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“W” is for Waxhaws

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“W” is for Waxhaws. The Waxhaws is an area of vague borders in the lower South Carolina Piedmont. It was named for the Waxhaws, an extinct tribe of Native Americans who once lived in the area. The center of the Waxhaws was known as the Waxhaws Settlement, consisting of the general area of Lancaster County south of Twelve Mile Creek and north of Cane Creek. The actual boundaries of the Waxhaws, however, are hard to define, but it is generally accepted that they include both Chester and Lancaster Counties. The area was settled by Scots-Irish who came from Virginia and Pennsylvania. They brought their Presbyterian faith with them and founded the Old Waxhaw Church that became a center of Presbyterian influence in the backcountry. During the Revolutionary War, the Waxhaws was a stronghold of patriot sentiment.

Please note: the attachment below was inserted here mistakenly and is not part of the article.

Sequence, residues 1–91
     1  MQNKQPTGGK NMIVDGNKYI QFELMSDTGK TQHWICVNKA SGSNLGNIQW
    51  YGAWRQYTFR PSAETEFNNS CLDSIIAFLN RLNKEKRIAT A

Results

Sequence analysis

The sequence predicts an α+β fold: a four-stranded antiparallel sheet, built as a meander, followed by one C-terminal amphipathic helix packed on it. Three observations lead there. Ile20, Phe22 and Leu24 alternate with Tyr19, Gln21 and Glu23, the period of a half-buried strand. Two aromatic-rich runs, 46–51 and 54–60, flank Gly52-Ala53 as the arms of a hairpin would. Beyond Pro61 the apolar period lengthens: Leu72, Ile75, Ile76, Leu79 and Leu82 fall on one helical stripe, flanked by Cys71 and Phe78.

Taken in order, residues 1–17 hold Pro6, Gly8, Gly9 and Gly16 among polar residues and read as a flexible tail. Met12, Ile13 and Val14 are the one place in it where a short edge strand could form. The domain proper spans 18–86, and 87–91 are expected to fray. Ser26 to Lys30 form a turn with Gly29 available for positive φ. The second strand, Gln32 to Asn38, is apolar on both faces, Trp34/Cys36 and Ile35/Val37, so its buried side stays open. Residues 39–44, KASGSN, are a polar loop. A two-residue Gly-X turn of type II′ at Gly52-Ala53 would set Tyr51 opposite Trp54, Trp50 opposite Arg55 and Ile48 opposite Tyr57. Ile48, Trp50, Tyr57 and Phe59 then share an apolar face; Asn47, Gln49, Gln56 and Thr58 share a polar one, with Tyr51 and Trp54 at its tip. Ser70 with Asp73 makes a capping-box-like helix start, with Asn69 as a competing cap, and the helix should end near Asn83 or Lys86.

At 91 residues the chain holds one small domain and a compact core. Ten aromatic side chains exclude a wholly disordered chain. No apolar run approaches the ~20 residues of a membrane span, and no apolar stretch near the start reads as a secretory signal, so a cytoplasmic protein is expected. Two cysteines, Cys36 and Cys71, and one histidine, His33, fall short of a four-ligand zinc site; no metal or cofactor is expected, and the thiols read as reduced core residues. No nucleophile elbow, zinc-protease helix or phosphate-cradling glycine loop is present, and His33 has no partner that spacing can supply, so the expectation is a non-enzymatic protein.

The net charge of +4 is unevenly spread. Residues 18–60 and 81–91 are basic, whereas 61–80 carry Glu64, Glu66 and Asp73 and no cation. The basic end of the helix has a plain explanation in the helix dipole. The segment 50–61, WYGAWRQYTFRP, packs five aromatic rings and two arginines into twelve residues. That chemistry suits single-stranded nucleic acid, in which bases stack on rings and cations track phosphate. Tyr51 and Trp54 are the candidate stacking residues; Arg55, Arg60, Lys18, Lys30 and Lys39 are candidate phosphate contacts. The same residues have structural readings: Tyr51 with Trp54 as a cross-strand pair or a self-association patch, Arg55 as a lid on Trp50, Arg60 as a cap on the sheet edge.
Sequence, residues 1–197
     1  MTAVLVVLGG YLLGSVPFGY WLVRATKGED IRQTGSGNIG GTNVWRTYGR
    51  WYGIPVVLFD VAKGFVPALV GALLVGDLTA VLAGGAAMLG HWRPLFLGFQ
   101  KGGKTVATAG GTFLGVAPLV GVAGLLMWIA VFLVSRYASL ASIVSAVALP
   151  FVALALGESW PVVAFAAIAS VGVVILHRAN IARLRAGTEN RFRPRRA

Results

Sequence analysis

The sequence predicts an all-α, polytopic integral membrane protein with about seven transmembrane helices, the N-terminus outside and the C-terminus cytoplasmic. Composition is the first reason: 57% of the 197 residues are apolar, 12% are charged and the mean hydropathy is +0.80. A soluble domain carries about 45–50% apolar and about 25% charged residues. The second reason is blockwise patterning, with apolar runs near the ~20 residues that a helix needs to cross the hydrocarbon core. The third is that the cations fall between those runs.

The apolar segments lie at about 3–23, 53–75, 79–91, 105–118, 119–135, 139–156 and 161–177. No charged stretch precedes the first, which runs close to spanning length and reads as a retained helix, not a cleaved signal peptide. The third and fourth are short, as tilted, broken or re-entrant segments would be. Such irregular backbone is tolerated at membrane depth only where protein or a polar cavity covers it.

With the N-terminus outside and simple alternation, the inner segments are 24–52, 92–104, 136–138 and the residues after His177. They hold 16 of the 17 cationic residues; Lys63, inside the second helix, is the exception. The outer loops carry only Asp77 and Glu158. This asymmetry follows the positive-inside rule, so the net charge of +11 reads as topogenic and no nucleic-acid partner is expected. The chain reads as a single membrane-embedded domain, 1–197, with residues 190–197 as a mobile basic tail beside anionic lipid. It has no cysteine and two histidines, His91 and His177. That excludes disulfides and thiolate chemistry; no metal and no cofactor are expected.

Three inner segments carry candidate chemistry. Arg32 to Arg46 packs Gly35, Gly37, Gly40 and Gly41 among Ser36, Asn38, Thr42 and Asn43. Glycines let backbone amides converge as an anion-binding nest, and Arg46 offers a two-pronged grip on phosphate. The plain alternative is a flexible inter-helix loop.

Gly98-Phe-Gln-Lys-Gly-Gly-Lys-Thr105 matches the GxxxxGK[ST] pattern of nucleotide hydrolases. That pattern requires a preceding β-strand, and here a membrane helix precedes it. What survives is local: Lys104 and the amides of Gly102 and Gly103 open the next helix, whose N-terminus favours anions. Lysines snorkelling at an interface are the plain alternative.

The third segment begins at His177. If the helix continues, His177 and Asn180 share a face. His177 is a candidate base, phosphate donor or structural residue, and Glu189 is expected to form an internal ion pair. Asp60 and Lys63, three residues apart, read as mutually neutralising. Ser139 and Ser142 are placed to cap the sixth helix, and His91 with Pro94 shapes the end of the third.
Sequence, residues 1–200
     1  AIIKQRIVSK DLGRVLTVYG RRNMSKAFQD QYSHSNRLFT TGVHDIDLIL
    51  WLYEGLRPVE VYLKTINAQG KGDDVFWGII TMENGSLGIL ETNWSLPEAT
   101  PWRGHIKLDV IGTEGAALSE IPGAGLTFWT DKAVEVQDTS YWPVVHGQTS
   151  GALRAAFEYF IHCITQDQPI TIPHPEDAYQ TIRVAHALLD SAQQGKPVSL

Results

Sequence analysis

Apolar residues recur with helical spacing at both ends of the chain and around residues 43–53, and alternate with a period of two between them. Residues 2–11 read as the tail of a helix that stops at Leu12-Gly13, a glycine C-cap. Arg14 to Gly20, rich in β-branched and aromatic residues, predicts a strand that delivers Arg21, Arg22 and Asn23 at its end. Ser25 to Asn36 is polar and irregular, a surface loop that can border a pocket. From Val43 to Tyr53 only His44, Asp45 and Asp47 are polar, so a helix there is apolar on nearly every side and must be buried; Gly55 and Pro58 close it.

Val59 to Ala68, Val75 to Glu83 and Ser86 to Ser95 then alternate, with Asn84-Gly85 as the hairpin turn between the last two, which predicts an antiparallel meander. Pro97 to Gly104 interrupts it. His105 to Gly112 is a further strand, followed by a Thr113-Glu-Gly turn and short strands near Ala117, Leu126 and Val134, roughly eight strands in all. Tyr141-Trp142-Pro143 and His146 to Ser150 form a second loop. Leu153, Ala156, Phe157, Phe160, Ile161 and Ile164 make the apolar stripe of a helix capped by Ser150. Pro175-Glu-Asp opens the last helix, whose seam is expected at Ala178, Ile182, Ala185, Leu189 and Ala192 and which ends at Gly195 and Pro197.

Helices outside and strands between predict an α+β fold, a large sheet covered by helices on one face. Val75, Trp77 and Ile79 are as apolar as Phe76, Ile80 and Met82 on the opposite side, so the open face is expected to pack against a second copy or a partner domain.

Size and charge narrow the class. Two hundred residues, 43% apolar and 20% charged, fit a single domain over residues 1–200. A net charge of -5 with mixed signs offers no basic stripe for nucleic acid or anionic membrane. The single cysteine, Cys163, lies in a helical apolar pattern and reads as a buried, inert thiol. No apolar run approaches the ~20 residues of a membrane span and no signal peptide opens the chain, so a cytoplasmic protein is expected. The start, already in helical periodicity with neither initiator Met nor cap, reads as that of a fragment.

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Dr. Walter Edgar has two programs on South Carolina Public Radio: Walter Edgar's Journal, and South Carolina from A to Z. Dr. Edgar received his B.A. degree from Davidson College in 1965 and his Ph.D. from the University of South Carolina in 1969. After two years in the army (including a tour of duty in Vietnam), he returned to USC as a post-doctoral fellow of the National Archives, assigned to the Papers of Henry Laurens.